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Brett Kavanaugh and the Power of Public Trauma
For the first time, a whole nation of women are being triggered at once, and they’re not afraid to speak
Pick a woman in your life. Any woman. Odds are, if you look at her right now, you’ll see it in her face: the brittleness. The weary rage. The way the laughter coming out of her mouth never quite makes it to her eyes. The way she regards people on the street, with a set to her jaw that says, Not today, Satan.
If you’re a woman yourself, maybe you’ll see something a little more tender, too. Maybe she’ll go out of her way to be kind to you. Maybe you’ll get that fleeting moment of eye contact that says, with silent eloquence, Don’t let the bastards grind you down.
On Friday night, with that sham of a hearing mercifully done and the vote to confirm Brett Kavanaugh to the Supreme Court still in wretched limbo, my wife and I put on jewels and heels and went out to dinner. One needs a break from all this misery. We told our server we were in need of some oysters and champagne because of the garbage world, and she smiled the most beautiful smile and told us she had bought herself roses on Thursday for just the same reason. We left her a $50 tip. My wife wrote “for more flowers” on the receipt. I don’t know this server, but I love her. I’d take a bullet for her.
It feels good to be in Lady Club this week. For the roses — but also, truly, for the thorns.
Christine Blasey Ford herself has been keeping a tight lid on whatever anger she may possess, but her testimony was nonetheless deeply enraging. It was so devastatingly specific. The laughter of her assailants — not at her but with each other. The second front door, god help us. And while Ford laid out the terrible instruments of her destruction, in the presence of her foes, thousands of us were chanting our own troubles along with her. The hashtag #WhyIDidntReport is an avalanche of rage. There are ranks upon ranks of women on Twitter right now, telling their stories, women for whom no Kill Bill GIF can possibly convey the fire of their fury.
I’m one of them, and it is fortifying to have company.
Like a lot of sexual assault survivors, I’ve been managing my trauma for a very long time. I was five when I was raped by a sadistic teenager. I’m now 42. In all those years, the subtle pressure on me to stand down, coming from people who were close to both of us, has never ceased. The pressure to heal us all by being a better victim — the pressure to forgive, to have compassion, to reconcile. The pity. The minimizing. The inventive forms taken by all the myriad varieties of disbelief. Being privately gaslit by people who can’t live with your narrative is disorienting and crazy-making, no matter how tough one is.
It’s a terrible song we’ve been singing this week, the fed-up survivors of the world. But it’s so strong and so raw, singing it in harmony, a thousandfold.
By now, I’m fairly adept at navigating the wicked world. But watching this whole sordid saga unfold has been triggering on a level I was wholly unprepared for. Our stories are very different, but it feels like for every fresh insult piled on Ford’s old injury, there’s a parallel in my own life. Casual yearbook misogyny! Ah, there’s a jack-in-the-box labeled “Prep School Feelings” I forgot I owned. Mistaken identity gambit! Ah, my old nemesis, I’ve encountered you before. Teenage “horseplay”! Rape. Say it. Say the word.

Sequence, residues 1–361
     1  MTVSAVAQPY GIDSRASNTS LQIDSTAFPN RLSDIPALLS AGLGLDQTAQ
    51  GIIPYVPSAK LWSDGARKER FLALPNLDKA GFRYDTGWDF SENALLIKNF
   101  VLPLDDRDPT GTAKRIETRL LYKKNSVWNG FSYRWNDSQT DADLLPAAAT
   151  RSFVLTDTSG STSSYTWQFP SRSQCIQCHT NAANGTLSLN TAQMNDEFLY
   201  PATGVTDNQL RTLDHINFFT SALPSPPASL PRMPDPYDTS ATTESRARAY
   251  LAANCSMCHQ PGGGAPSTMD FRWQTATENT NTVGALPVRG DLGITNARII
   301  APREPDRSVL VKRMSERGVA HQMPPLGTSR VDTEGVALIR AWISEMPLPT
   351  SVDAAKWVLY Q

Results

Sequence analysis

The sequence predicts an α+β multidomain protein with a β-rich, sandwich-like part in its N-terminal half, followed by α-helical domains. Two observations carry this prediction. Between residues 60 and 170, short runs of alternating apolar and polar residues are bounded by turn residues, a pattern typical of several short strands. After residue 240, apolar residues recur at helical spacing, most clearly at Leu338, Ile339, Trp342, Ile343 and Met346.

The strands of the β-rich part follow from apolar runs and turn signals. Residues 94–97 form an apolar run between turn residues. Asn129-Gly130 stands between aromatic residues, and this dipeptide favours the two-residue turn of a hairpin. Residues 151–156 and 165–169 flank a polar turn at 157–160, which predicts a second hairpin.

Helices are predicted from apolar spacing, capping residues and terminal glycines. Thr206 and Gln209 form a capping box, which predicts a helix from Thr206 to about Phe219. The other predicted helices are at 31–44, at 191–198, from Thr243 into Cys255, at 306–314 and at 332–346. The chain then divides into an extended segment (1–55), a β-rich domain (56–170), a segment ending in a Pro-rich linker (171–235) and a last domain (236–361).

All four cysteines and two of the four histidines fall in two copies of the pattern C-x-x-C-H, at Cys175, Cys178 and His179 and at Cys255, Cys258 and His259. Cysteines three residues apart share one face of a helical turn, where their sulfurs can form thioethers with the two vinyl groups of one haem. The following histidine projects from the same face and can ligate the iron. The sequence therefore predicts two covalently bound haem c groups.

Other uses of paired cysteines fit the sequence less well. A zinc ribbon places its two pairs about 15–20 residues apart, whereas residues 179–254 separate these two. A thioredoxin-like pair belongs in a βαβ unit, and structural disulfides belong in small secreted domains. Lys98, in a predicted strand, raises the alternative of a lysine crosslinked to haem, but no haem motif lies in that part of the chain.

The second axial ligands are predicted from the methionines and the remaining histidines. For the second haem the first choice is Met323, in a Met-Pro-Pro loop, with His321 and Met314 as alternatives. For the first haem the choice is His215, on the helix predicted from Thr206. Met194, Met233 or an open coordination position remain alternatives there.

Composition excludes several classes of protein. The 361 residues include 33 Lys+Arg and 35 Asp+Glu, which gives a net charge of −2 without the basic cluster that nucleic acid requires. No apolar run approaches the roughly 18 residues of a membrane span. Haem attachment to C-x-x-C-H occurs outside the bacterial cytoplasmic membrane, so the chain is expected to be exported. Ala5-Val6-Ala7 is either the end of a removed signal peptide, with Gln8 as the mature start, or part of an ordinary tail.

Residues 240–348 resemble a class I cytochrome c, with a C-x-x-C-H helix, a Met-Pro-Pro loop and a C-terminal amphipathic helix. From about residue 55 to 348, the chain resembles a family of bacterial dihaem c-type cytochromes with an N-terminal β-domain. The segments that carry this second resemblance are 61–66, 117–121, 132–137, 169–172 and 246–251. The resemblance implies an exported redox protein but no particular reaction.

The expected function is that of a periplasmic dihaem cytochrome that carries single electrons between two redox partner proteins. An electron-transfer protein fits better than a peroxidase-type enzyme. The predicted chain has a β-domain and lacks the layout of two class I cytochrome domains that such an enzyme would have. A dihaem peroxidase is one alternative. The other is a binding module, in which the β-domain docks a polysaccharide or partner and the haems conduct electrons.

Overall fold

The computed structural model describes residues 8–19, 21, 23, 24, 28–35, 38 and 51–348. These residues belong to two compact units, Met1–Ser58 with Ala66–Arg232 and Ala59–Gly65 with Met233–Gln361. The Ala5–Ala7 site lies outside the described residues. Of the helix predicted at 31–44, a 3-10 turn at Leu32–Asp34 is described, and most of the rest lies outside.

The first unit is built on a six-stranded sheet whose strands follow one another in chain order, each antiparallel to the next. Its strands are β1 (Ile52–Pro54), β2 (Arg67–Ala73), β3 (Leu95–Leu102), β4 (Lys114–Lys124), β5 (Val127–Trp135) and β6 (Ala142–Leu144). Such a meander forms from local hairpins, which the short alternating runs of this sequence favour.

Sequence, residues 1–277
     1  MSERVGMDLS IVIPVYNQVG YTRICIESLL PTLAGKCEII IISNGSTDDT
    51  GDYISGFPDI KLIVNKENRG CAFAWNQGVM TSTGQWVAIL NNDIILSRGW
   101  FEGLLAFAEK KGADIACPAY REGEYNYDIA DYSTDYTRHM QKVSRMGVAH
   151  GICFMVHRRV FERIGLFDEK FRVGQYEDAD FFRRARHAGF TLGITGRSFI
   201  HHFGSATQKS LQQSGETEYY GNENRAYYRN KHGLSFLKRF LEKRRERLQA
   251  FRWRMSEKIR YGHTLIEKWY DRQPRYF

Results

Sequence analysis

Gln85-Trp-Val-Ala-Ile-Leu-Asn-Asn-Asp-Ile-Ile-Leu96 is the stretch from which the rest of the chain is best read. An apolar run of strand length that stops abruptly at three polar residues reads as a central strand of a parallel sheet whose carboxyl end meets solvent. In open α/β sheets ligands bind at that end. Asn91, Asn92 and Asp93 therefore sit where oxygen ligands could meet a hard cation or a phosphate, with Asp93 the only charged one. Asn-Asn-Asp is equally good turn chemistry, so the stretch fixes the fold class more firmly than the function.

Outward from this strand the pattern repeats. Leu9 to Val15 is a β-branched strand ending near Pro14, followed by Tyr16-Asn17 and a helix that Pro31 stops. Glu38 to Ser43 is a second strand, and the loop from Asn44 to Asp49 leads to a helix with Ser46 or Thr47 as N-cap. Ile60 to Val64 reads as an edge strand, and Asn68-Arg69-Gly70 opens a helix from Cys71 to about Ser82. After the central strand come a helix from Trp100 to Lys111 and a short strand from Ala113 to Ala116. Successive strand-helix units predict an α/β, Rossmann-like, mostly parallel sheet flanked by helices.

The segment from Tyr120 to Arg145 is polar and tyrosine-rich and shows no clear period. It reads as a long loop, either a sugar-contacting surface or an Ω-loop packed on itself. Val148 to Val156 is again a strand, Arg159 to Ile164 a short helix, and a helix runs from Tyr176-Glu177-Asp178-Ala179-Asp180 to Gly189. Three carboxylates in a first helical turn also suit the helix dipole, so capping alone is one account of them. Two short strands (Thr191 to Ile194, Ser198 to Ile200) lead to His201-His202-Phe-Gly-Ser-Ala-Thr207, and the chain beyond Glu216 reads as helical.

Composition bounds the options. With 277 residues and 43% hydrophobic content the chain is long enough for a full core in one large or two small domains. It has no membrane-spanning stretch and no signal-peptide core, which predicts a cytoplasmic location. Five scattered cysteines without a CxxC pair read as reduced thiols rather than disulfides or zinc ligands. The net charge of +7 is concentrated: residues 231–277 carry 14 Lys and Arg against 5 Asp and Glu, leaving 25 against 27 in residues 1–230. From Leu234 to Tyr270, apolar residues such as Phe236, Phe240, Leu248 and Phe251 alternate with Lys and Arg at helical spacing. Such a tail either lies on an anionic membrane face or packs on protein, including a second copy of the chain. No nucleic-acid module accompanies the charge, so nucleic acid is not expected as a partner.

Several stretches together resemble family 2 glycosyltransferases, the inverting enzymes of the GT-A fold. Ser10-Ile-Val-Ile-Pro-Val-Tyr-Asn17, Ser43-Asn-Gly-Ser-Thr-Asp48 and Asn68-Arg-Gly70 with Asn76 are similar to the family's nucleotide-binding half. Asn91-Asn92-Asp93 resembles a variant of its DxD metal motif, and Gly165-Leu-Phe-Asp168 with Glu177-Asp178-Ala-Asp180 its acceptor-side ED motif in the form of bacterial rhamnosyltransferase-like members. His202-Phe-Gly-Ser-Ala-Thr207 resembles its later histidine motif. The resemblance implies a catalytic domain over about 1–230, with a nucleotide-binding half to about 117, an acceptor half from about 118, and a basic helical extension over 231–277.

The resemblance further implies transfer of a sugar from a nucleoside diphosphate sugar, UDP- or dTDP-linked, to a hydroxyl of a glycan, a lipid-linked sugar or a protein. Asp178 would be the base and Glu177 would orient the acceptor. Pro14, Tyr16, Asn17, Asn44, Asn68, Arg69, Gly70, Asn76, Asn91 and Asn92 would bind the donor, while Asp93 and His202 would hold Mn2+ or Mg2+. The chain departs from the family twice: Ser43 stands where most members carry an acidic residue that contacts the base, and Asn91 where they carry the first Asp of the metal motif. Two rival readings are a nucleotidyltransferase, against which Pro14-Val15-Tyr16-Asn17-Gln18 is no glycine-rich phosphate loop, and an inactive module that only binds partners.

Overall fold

People disclose to me because I’ve been public with my story for years. I know so many women — so very many women — with rape stories that beggar the moral imagination. I know a few men, too, and this Kavanaugh business is privately wrecking them.
And yet — I haven’t cried, not once. With the humiliation of Thursday’s hearing — I almost wrote “trial” — now mercifully behind us, I feel almost energized.
I’m grateful for the public rage of women right now, in this moment, because I’m not a good victim. I’m not a nice one. I have no desire to perform forgiveness, certainly not in the absence of any admission of guilt on the part of my perpetrator. Anger isn’t everyone’s path to sanity, but it’s been mine, and I have had to defend it tooth and claw. Hearing the rage and the pain and the utter moral clarity of survivors, getting in the faces of powerful men and telling their stories in the public square, has been so thoroughly validating. I’m not crazy. We’re not crazy. We deserve to be angry.
It’s a terrible song we’ve been singing this week, the fed-up survivors of the world. But it’s so strong and so raw, singing it in harmony, a thousandfold. We are all being gaslit in back rooms, each in her (or his) own brutal and specific way. But we have each other. It is a great comfort to have backup this time around.
A final note: I’ve been working hard at therapy for the past two years. I don’t regret it. But it didn’t fix my anger. No matter how much grief I get on that front from my nearest and dearest, I’ve known for some time that my fury and my disgust with my perpetrator aren’t problems that need solving. They are the natural, normal, human sequelae of deep injustice. On Wednesday, with the hearing looming, and an army of enraged maenads already in full battle cry on Twitter, I quit therapy in triumph.
Watching this dark carnival whirl and spin, it’s clear to me: I’m very, very sane. It’s not me. It’s not you, either.
It’s the world.